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Tenet explores time manipulation in a gripping sci-fi action format 

SECRET AGENT MAN John David Washington stars as an operative manipulating the flow of time to prevent World War III, in auteur Christopher Nolan’s Tenet, screening in Arroyo Grande at Regal Cinemas 10.

Photo Courtesy Of Warner Bros.

SECRET AGENT MAN John David Washington stars as an operative manipulating the flow of time to prevent World War III, in auteur Christopher Nolan’s Tenet, screening in Arroyo Grande at Regal Cinemas 10.

Writer-director Christopher Nolan (Memento, Batman Begins, Inception, Dunkirk) helms this sci-fi action thriller about a mysterious operative (John David Washington) who manipulates time on a mission to prevent World War III. (150 min.)

Glen We did it! We braved going to the theater. There were only about 25 people, about four-fifths of whom weren't wearing masks—apparently that's not something the theater is interesting in policing—but so far we're still COVID-free and we got to see Nolan's twisty, mind-bending new film on the big screen. It's a puzzler, but like many of his thorniest stories, it's worth the struggle to piece it together. Washington's nameless character is simply known as the protagonist, and as the film begins, he seems as lost as the viewers, but as he begins to piece together how time is being manipulated—something about inverted entropy—we begin to make some sense of what's going on. The short version is he's trying to get close to Russian oligarch Andrei Sator (Kenneth Branagh), who seems to have a supply of inverted entropy bullets and more importantly seems to be communicating with the future, which seems to want to destroy the present. As a way in, the protagonist gets close to Kat (Elizabeth Debicki), Sator's abused wife and mother of his son. Thus begins a race to recover something Sator is searching for, and the whole affair turns into a running battle between agents from the future and agents from the present, including Neil (Robert Pattinson), leading to a closed Russian city in Siberia where the final battle plays out ... but when you can control time, will the battle ever end?

Anna Nolan certainly loves to build a puzzle, and Tenet is a time-bending, suspenseful example of that. It's a tense, serious 2 1/2 hours of pieced-together story in the forward and backward world of time. Being back in the theater was definitely a little weird, but this is a film that is meant to be seen on the big screen. While the long runtime was a bit much for me, the storyline needed it, and the film stayed engaging throughout. For me it felt a bit like Nolan decided to take his previous film Inception and tweak it into more of an action film, and while the bending of time and how it is controlled can get confusing, sometimes you just have to be a little OK with confusion and move on. While Washington is the star of the show, I dug into Kat's story more than anything. Her brutish husband holds their son's life over her, threatening that he will use his power and influence to guarantee she will not see her child again if she ever were to leave. He's a villain to a T, and you can't help but hope that he gets taken down and she gets to be the one to do it.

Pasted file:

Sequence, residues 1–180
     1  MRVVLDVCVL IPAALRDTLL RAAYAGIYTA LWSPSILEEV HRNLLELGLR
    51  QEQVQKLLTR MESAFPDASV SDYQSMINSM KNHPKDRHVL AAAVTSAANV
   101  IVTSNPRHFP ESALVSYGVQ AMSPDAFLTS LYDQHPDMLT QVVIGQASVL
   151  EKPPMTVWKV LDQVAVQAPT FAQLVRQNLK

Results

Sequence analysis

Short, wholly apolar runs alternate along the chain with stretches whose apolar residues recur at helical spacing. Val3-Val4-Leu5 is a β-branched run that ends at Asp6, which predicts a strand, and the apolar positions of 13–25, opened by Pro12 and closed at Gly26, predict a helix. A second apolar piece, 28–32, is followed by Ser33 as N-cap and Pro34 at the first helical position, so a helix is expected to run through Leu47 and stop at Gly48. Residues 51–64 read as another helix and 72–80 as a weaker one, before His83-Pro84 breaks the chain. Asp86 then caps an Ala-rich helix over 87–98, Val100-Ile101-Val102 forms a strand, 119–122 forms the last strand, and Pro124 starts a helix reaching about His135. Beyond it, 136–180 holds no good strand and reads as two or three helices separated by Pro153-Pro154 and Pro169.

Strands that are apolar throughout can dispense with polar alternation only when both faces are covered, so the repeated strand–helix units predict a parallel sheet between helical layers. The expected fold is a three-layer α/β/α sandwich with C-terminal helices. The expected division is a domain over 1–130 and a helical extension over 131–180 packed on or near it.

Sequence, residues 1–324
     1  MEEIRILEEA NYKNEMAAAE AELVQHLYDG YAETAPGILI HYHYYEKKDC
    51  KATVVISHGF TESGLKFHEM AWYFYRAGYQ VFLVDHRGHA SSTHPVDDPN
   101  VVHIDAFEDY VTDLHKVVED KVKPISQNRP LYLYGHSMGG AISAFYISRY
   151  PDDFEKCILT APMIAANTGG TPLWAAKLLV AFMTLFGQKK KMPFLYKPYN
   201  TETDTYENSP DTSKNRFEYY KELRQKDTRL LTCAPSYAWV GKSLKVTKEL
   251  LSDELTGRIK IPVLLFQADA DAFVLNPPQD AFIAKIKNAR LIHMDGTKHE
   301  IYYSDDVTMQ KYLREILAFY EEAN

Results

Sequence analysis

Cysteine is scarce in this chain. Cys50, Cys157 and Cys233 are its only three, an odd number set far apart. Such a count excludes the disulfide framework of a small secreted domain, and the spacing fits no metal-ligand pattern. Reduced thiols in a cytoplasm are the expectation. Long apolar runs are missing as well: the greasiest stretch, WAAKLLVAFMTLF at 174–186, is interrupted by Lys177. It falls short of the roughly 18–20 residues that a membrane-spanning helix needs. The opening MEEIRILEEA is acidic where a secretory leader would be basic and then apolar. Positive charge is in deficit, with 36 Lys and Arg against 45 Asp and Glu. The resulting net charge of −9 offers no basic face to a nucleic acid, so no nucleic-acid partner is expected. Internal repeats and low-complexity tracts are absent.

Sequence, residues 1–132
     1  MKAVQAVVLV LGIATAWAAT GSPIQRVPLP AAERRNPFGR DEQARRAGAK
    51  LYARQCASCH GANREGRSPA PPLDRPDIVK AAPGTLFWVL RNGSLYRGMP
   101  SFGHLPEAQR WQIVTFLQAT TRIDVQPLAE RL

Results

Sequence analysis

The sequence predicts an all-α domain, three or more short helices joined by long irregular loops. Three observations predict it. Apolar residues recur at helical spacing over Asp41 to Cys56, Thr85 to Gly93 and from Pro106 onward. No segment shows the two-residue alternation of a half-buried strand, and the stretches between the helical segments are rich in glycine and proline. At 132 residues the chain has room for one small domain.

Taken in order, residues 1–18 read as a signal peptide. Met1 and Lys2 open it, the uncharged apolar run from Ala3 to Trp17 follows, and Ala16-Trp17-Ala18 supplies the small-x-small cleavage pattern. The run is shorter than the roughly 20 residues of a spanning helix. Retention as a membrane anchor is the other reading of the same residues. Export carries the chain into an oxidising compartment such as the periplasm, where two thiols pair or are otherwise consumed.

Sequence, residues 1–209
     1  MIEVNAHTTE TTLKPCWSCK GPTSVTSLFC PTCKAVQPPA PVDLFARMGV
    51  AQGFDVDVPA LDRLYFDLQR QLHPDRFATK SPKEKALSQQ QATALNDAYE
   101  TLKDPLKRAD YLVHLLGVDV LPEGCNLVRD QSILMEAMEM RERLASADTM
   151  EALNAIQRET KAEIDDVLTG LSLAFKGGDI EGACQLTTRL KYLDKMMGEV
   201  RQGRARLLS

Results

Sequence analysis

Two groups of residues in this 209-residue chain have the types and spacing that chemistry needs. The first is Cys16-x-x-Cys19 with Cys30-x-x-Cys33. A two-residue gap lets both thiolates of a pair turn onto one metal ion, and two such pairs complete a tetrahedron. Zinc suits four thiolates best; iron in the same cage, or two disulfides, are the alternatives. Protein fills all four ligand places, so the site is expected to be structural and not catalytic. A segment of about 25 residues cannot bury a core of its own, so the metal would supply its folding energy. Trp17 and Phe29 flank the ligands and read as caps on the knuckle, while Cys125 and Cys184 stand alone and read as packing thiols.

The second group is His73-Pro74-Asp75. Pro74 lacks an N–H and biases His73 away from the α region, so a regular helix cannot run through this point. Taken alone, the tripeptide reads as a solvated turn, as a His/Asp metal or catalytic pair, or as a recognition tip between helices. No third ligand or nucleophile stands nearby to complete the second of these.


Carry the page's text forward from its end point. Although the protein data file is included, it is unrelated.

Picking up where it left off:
Glen Kat's definitely the emotional heart of the film. Aside from saving the world, keeping Kat and her son safe becomes the protagonist's main motivator. There are some very inventive and satisfying moments in the film, which we can't reveal without spoiling it somewhat, but suffice it to say, Nolan is a very clever writer and he's apparently been puzzling over this story for a decade. I have a feeling repeat viewings will enlarge my appreciation of this film as they did when I first saw Memento (2000), Nolan's second feature film, which I've watched probably a dozen times. Should you venture into the theater to see Tenet? I guess it depends on how risk averse you are. We wore our masks all the way through—nearly three hours with all the trailers—and I sure wish our fellow theatergoers had too.

Anna I was very frustrated that other patrons ignored the CinemaSafe guidelines that the Regal Theater reopened under; quite honestly it made it pretty difficult for me to enjoy the movie. Hopefully the theaters will adjust and police these policies to keep patrons and their staff safe. As someone who tends to multitask during home viewings, this was a good one for me to see in the theater. I couldn't get too distracted. If I did, I think I would have lost the time-bending plot along the way. Like you said, I'm guessing another viewing will help solidify some of the confusing bits for me. Tenet was also released on streaming services, so even if you don't feel like braving the outside world, it's worth a watch at home—just make sure to give yourself a good chunk of time to digest this one. Δ

Senior Staff Writer Glen Starkey and freelancer Anna Starkey write Split Screen. Glen compiles streaming listings. Comment at gstarkey@newtimesslo.com.

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